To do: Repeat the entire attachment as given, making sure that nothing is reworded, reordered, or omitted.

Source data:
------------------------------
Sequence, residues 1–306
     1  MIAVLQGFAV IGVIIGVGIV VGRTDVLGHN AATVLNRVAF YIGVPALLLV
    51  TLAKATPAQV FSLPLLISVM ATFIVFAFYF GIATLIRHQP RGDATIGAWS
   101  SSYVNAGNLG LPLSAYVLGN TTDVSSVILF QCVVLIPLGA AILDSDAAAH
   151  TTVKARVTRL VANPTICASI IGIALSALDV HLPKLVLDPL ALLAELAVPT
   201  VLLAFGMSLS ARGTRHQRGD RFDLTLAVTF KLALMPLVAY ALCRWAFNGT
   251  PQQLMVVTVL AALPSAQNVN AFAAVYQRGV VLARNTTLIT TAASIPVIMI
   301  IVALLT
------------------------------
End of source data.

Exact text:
Sequence, residues 1–306
     1  MIAVLQGFAV IGVIIGVGIV VGRTDVLGHN AATVLNRVAF YIGVPALLLV
    51  TLAKATPAQV FSLPLLISVM ATFIVFAFYF GIATLIRHQP RGDATIGAWS
   101  SSYVNAGNLG LPLSAYVLGN TTDVSSVILF QCVVLIPLGA AILDSDAAAH
   151  TTVKARVTRL VANPTICASI IGIALSALDV HLPKLVLDPL ALLAELAVPT
   201  VLLAFGMSLS ARGTRHQRGD RFDLTLAVTF KLALMPLVAY ALCRWAFNGT
   251  PQQLMVVTVL AALPSAQNVN AFAAVYQRGV VLARNTTLIT TAASIPVIMI
   301  IVALLT